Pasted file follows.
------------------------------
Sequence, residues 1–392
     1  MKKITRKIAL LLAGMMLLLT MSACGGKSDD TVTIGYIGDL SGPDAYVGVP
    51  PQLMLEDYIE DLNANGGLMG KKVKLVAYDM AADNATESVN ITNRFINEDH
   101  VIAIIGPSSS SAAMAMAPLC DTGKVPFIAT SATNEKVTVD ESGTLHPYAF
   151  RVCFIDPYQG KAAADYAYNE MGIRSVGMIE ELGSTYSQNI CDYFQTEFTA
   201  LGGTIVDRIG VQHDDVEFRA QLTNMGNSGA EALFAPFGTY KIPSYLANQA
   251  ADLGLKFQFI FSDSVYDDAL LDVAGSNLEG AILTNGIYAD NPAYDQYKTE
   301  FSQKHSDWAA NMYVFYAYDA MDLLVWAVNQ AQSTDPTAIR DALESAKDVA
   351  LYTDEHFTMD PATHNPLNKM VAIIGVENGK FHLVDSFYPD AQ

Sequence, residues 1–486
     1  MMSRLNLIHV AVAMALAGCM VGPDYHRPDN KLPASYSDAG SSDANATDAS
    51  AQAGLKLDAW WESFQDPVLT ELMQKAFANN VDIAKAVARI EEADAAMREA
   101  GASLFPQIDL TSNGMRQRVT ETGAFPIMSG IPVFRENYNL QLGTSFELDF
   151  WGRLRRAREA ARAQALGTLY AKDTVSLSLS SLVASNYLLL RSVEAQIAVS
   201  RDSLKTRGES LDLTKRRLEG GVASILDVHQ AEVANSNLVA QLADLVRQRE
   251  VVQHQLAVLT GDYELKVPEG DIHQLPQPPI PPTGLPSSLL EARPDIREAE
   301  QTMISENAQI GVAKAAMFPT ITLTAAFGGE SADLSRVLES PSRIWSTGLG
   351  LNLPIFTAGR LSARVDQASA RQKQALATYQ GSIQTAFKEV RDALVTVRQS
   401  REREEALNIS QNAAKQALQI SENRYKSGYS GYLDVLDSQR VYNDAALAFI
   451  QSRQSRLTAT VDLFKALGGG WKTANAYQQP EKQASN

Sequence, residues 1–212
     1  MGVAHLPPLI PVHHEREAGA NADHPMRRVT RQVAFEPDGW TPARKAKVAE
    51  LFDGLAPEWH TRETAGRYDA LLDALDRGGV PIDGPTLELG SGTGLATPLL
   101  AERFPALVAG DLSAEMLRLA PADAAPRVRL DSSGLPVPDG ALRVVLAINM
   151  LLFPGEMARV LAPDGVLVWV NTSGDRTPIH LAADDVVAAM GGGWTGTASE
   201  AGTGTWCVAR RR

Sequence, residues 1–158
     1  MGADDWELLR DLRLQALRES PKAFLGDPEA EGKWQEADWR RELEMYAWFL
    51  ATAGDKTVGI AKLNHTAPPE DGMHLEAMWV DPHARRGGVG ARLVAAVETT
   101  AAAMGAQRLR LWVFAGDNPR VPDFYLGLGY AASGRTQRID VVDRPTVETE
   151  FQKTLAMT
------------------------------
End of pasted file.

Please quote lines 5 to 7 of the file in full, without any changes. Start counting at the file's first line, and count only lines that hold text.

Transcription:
   151  RVCFIDPYQG KAAADYAYNE MGIRSVGMIE ELGSTYSQNI CDYFQTEFTA
   201  LGGTIVDRIG VQHDDVEFRA QLTNMGNSGA EALFAPFGTY KIPSYLANQA
   251  ADLGLKFQFI FSDSVYDDAL LDVAGSNLEG AILTNGIYAD NPAYDQYKTE